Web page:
Sunday, June 2, 2013

The Pen and the Sword: The Shadow of the Vulture

Gottfried was already on his way to the embrasures. He too had heard before the terrible soul-shaking shout of the charging Janizaries. Suleyman meant to waste no time on the city that barred him from helpless Europe. He meant to crush its frail walls in one storm. The bashi-bazouki, the irregulars, died like flies to screen the main advance, and over heaps of their dead, the Janizaries thundered against Vienna. In the teeth of cannonade and musket volley they surged on, crossing the moats on scaling-ladders laid across, bridge-like. Whole ranks went down as the Austrian guns roared, but now the attackers were under the walls and the cumbrous balls whirred over their heads, to work havoc in the rear ranks.

The Spanish matchlock men, firing almost straight down, took ghastly toll, but now the ladders gripped the walls, and the chanting madmen surged upward. Arrows whistled, striking down the defenders. Behind them the Turkish field-pieces boomed, careless of injury to friend as well as foe. Gottfried, standing at an embrasure, was overthrown by a sudden terrific impact. A ball had smashed the merlon, braining half a dozen defenders.

Gottfried rose, half-stunned, out of the debris of masonry and huddled corpses. He looked down into an uprushing waste of snarling, impassioned faces, where eyes glared like mad dogs' and blades glittered like sunbeams on water. Bracing his feet wide, he heaved up his great sword and lashed down. His jaw jutted out, his mustache bristled. The five-foot blade caved in steel caps and skulls, lashing through uplifted bucklers and iron shoulder-pieces. Men fell from the ladders, their nerveless fingers slipping from the bloody rungs.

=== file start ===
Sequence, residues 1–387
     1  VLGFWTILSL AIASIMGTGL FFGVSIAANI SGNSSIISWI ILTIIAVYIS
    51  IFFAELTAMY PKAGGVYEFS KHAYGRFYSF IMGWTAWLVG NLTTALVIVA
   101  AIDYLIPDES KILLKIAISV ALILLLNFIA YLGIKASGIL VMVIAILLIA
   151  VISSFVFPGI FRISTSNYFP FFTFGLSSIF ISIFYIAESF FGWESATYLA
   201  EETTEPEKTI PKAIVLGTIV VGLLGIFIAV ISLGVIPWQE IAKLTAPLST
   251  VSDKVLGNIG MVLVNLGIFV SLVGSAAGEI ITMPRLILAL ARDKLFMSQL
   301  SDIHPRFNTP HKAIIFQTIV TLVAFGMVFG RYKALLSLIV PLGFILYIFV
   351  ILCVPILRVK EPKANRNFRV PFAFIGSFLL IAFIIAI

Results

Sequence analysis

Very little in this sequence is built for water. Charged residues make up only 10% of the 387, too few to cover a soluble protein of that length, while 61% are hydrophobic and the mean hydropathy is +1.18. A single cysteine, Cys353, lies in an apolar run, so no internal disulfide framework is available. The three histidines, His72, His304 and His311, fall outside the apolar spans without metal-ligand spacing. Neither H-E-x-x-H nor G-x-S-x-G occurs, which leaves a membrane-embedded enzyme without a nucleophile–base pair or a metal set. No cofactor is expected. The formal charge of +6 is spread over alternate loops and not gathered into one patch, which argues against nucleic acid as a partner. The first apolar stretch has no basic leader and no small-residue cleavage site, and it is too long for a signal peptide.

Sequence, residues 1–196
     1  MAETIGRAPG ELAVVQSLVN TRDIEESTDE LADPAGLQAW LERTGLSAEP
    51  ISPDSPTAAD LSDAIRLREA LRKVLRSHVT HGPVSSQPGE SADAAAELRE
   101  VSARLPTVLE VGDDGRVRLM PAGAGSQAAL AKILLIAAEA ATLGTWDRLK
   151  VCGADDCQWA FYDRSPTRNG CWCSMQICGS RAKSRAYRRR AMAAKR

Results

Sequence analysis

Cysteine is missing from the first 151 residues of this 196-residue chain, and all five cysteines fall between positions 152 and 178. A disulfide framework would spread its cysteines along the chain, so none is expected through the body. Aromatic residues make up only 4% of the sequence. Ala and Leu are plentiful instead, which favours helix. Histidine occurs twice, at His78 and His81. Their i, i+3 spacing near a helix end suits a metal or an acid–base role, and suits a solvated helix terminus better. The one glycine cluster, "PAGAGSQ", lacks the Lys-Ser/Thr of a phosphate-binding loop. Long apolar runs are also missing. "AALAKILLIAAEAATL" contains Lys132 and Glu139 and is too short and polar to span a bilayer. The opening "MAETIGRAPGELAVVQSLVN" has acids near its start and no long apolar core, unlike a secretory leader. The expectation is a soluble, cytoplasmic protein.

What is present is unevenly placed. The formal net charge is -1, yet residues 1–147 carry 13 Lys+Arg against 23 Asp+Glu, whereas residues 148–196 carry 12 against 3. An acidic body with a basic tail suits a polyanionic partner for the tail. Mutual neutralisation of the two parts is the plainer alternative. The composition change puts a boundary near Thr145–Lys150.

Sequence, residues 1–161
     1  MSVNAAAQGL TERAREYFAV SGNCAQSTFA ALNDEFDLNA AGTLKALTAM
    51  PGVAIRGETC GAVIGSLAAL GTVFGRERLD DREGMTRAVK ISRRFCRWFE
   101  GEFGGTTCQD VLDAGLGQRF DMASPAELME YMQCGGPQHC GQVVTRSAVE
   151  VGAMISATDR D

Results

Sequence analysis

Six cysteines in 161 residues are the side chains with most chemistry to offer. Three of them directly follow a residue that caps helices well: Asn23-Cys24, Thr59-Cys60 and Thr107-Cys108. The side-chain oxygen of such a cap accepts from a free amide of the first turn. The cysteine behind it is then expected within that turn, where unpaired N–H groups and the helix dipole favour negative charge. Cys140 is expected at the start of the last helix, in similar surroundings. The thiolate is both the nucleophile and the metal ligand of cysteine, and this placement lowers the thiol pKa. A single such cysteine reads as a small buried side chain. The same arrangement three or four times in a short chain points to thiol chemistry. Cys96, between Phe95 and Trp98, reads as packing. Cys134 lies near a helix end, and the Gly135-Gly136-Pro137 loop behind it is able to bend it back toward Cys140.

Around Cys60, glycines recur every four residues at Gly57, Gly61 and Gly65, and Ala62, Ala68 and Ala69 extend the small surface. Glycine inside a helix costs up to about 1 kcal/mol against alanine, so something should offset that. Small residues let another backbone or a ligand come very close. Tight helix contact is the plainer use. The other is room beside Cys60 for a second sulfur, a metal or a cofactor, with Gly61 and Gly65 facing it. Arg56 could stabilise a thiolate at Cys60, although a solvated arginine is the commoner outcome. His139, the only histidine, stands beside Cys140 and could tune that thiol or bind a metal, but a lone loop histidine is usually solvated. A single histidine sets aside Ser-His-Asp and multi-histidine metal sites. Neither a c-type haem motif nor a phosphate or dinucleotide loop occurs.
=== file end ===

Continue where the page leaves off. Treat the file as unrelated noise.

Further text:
But they swarmed through the breach on either side of him. A terrible cry announced that the Turks had a foothold on the wall. But no man dared leave his post to go to the threatened point. To the dazed defenders it seemed that Vienna was ringed by a glittering, tossing sea that roared higher and higher about the doomed walls.

Stepping back to avoid being hemmed in, Gottfried grunted and lashed right and left. His eyes were no longer cloudy; they blazed like blue balefire. Three Janizaries were down at his feet; his broadsword clanged in a forest of slashing scimitars. A blade splintered on his basinet, filling his eyes with fire-shot blackness. Staggering, he struck back and felt his great blade crunch home. Blood jetted over his hands and he tore his sword clear. Then with a yell and a rush someone was at his side and he heard the quick splintering of mail beneath the madly flailing strokes of a saber that flashed like silver lightning before his clearing sight.

It was Red Sonya who had come to his aid, and her onslaught was no less terrible than that of a she-panther. Her strokes followed each other too quickly for the eye to follow; her blade was a blur of white fire, and men went down like ripe grain before the reaper. With a deep roar Gottfried strode to her side, bloody and terrible, swinging his great blade. Forced irresistibly back, the Moslems wavered on the edge of the wall, then leaped for the ladders or fell screaming through empty space.

Oaths flowed in a steady stream from Sonya's red lips and she laughed wildly as her saber sang home and blood spurted along the edge. The last Turk on the battlement screamed and parried wildly as she pressed him; then dropping his scimitar, his clutching hands closed desperately on her dripping blade. With a groan he swayed on the edge, blood gushing from his horribly cut fingers.

"Hell to you, dog-soul!" she laughed. "The devil can stir your broth for you!"

With a twist and a wrench she tore away her saber, severing the wretch's fingers; with a moaning cry he pitched backward and fell headlong.

- "The Shadow of the Vulture," Robert E. Howard

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